Now that President Trump has accepted Kim Jong Un’s invitation to meet, it is worth remembering the events of October 11th and 12th of 1986 when Ronald Reagan and the leader of the Soviet Union, Mikael Gorbachev, met at a summit meeting in Reykjavik Iceland. Reagan came to the meeting to negotiate for greater human rights within the Soviet Empire, a cessation of the war in Afghanistan as well as arms control. Gorbachev tried desperately to limit the negotiations to arms control and offered a dramatic 50% reduction of all strategic arms. But he had a secret agenda. He came to the meeting hoping to convince Reagan to scrap America’s embryonic missile defense program then called the Strategic Defense Initiative (SDI).
Reagan countered Gorbachev’s 50% with an offer to reduce all intercontinental ballistic missiles over ten years. Gorbachev agreed to enter discussions relative to the 100% reduction if Reagan would end SDI. Reagan’s expression turned to anger. He replied,“Nyet!” To the dismay of his closest advisors, Reagan promptly brought the summit to a close exited the room.
Almost exactly three years later, on November 9, 1989, the Berlin wall came down and the Soviet Union collapsed. Gorbachev recorded in his memoirs at that very moment, he knew the Soviet Union was doomed because its ailing command economy could not begin to keep pace militarily with the U.S.
In my new book, Lessons from Fallen Civilizations, Vol. II, I chronicle the feckless ineptitude of American foreign policy over the eight Obama years which, among its many failures, enabled the virulently anti-Western rogue regimes of North Korea and Iran to ally with Russia and China, thus forming what I call the “New Axis of Evil.”
To be fair to the previous administration, the last four presidents, Bush, Clinton, Bush, and Obama all kicked the North Korean can down the road, naively believing that various mixtures of diplomacy, bribery, and weak sanctions could dissuade the Kim dynasty from achieving its long-sought goal of possessing nuclear weapons deliverable upon intercontinental ballistic missiles. Unfortunately for Trump and us, there is no more road down which to kick the Korean can. CIA Director, Mike Pompeo, said in January, within a handful of months, Pyongyang will be able to target U.S. cities.
Despite what seemed thawing of the crisis, occasioned by the South Koreans’ hosting of the Winter Olympics, the Chinese now appear to be aggressively cooperating with the U.S. in its operation dubbed “maximum pressure” which, according to Vice President Pence and others, encompasses the most aggressive sanctions ever imposed on North Korea.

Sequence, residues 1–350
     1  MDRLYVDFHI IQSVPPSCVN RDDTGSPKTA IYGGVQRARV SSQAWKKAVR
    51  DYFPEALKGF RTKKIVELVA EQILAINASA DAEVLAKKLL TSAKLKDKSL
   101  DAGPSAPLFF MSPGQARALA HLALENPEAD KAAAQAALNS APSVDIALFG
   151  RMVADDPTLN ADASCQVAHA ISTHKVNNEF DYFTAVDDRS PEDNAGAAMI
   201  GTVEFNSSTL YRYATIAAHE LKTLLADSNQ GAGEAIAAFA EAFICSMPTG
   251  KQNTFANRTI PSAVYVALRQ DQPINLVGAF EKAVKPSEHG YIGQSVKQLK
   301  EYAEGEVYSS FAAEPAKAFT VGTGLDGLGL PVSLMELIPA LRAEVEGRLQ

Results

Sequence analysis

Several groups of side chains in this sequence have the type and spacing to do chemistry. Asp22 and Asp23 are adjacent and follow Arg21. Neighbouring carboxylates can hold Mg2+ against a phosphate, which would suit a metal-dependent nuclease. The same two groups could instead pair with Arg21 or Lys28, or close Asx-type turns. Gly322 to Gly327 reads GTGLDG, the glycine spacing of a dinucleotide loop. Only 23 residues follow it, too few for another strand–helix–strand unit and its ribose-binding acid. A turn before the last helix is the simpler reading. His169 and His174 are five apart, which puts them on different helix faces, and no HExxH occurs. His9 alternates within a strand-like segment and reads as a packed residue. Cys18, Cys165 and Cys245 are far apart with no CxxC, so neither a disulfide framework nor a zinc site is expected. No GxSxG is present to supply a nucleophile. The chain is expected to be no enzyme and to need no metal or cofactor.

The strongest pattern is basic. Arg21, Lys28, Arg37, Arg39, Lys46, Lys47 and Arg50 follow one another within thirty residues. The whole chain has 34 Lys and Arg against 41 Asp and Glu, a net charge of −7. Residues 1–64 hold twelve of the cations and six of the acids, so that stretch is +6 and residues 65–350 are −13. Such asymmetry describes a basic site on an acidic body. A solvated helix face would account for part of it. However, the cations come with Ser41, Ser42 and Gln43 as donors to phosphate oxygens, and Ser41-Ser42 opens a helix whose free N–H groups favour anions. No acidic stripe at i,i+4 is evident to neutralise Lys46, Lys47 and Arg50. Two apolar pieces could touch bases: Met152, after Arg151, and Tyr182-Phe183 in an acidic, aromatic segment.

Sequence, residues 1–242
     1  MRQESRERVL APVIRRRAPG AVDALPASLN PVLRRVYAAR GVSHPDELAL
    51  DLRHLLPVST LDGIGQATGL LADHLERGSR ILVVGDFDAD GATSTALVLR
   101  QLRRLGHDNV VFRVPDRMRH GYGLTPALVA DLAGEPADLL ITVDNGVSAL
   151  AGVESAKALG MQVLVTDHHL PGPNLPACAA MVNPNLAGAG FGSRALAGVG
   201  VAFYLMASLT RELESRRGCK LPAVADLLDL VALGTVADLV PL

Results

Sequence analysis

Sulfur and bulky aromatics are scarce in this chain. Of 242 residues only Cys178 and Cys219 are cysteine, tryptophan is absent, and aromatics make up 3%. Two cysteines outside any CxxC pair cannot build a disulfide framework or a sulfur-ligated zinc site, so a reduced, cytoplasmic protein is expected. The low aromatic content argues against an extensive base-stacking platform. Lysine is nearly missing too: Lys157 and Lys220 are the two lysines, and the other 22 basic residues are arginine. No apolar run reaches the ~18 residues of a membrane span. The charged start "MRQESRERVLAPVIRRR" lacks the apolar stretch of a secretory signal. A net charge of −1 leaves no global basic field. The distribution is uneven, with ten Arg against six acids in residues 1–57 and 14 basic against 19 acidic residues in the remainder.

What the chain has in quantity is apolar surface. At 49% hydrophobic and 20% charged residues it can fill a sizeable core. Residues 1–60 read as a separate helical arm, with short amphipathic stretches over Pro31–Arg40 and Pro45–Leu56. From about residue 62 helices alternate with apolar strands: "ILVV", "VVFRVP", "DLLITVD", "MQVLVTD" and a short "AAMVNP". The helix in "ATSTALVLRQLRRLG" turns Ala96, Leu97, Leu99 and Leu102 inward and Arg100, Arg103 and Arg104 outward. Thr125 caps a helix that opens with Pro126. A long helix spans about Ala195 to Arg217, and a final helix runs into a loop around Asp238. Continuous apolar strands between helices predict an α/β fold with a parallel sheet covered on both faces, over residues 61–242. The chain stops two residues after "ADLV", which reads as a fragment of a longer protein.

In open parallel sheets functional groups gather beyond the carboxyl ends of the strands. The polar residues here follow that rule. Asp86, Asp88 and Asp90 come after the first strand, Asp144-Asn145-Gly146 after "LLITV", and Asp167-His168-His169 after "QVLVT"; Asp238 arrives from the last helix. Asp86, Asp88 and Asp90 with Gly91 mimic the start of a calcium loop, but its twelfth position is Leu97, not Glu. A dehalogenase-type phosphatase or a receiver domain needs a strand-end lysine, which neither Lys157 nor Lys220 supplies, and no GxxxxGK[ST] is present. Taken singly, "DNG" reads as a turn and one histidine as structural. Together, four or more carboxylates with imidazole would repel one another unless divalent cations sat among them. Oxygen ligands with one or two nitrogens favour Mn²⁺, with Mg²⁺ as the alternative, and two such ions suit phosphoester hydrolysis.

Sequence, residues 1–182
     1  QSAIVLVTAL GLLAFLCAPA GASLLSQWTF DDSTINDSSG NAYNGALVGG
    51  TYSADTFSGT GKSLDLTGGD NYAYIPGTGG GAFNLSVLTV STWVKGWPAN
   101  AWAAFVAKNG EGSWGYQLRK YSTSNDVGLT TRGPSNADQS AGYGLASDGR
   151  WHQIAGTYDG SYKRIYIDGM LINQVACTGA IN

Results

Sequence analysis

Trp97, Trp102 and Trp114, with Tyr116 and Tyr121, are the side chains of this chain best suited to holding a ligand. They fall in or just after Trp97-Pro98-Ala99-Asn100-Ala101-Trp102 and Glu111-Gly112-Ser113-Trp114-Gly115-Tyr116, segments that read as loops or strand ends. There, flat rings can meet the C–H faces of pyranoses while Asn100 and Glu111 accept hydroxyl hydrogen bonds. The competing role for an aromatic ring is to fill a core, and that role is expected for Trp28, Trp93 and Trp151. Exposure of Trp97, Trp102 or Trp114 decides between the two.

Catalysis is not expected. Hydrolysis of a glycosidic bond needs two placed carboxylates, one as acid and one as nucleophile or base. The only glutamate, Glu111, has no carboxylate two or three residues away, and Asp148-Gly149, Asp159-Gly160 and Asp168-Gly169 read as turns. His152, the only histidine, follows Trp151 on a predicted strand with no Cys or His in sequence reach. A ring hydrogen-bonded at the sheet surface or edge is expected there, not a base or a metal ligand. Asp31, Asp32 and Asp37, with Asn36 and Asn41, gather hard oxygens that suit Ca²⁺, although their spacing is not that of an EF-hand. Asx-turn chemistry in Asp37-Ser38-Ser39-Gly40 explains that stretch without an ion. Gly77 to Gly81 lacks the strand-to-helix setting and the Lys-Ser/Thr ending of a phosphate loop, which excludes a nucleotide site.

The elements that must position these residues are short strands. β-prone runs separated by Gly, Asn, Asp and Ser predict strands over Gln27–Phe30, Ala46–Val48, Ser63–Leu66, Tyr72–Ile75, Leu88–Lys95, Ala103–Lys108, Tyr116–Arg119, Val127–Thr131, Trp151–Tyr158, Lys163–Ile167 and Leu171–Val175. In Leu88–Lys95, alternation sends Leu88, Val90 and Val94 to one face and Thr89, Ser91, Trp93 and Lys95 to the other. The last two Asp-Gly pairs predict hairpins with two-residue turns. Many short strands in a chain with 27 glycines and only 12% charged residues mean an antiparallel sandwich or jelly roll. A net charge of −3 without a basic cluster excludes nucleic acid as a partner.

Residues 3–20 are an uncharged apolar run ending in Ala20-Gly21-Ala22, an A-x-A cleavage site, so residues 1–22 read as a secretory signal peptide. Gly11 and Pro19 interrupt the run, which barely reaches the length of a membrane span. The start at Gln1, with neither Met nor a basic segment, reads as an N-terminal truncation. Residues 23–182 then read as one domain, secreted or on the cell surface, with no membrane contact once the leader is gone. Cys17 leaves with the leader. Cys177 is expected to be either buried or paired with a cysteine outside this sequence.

A cadre of brave Wall Street Journal reporters recently traveled to the far north of North Korea, to a remote area which borders both China and Russia. They found that trade between North Korea and its largest trading partner and benefactor, China, has come to a near halt.
Near the far-north North Korean city of Rason, at a check point on the Chinese border, the intrepid crew of WSJ reporters met a Chinese business man going to check on his equipment stuck in his garment factory there. His factory closed in November after China began enforcing the UN ban on North Korean exports. His plant shut down and terminated the jobs of 200 North Koreans who formerly sent half their pay checks to the government. The reporters found that there were more than a dozen garment factories like his that were shut down and found that thousands of other North Koreans in the seafood industry, whose factories were shuttered, had lost their jobs. They learned that Chinese border guards even stopped traders from allowing small personal allowances of personal cigarettes from leaving the North Korean prison state.
Chinese reports can be inaccurate, for example, its official published military expenditures are known to much less than they truly spend. Nevertheless, China is reporting that its imports from North Korea are now down 82% from a year earlier.
In short, while we don’t know the cause yet, something profound has recently changed in terms of Chinese behavior. Could it be that China is now working with the U.S. to collapse the Kim regime? Previously, China would vote in the U.N. or agree to impose sanctions and then aid and abet North Korea’s tactics to defeat those same sanctions. Up to now, East Asian experts concluded that it was part of China’s long-range strategy to protect and prop up a nuclear-armed puppet regime in North Korea. This served China in two important ways. One, by the Kim regimes threatening America, its allies, and the international waterways in the region, it might eventually convince the U.S. to abandon its military defense of the region, thus opening the vast area up to Chinese hegemony. Two, the quasi-Leninist rogue regime on its western border formed a necessary buffer between Communist China and the ultra-capitalist South Korea.
China cannot countenance a unified capitalist Korea sitting on its doorstep. Yet, could it be that the senior planners fear that a nuclear war erupting just across the Yalu River could have too great a catastrophic cost. And could it be that the Trump negotiation could be going on as follows: “China, you help us bring down the Kim Dynasty and we won’t object to your installing a new puppet…so long as he doesn’t have nukes.” Eventually, we’re going to find out what is motivating China.